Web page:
It looks quite good. Every time I see a list titled something like How to Criticize Israel without Being Anti-Semitic my heart skips a beat, because I'm worried I'll get something like "Even though Israel is a raging hellbeast of demonic satanism, referencing the Holocaust is only sometimes permissible." But this one actually seemed to impose serious obligations on people, while not remotely closing the door on legitimate criticism of Israel. So hurray! And hurray for the blog, generally!

Monday, October 29, 2012

Project Lemonade

Sharia law meets abstinence-only education:
. A new study in the American Sociological Review found that evangelical virginity-pledgers could learn a thing or two from Muslims and Hindus, who are the most likely to actually abstain from premarital and extramarital sex instead of just lying about what went down in the basement over the weekend. What's their secret? Really pretty "True Love Waits" t-shirts? Nope: legal and religious coercion, gender segregation, and never showing any lady skin, ever.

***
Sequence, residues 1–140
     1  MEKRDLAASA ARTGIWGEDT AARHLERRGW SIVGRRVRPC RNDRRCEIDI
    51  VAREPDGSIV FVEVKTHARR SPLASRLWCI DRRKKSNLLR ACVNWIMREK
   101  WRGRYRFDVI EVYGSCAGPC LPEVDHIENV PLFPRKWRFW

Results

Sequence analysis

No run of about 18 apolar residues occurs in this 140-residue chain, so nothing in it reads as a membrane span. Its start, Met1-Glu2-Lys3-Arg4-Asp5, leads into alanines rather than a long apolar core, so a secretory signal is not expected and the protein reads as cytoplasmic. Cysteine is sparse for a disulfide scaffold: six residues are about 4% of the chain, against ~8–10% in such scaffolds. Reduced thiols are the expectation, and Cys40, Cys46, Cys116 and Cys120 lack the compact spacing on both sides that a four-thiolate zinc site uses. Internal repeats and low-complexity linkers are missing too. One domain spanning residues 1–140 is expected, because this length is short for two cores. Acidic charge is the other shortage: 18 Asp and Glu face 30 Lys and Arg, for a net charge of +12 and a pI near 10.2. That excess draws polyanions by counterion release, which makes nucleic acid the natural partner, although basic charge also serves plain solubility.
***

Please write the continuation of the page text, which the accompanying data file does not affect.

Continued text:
Those looking for casual sex partners online should try "advanced search"ing for Chosen Ones: a whopping 94 percent of Jews who participated in the study reported having premarital sex, followed by 79 percent of Christians, 65 percent of Buddhists, 43 percent of Muslims and 19 percent of Hindus.
So rather than complaining about how Islamic law is taking over, why not get on that action to actually make a tent on premarital sex rates?

(Actually, the study -- at least as reported in Jezebel which, in fairness, is a considerable caveat -- doesn't seem to have a great answer for why the rate for Hindus is so much lower than the rate for Muslims. As for its Jewish findings -- well, it's good to be a Chosen One sometimes).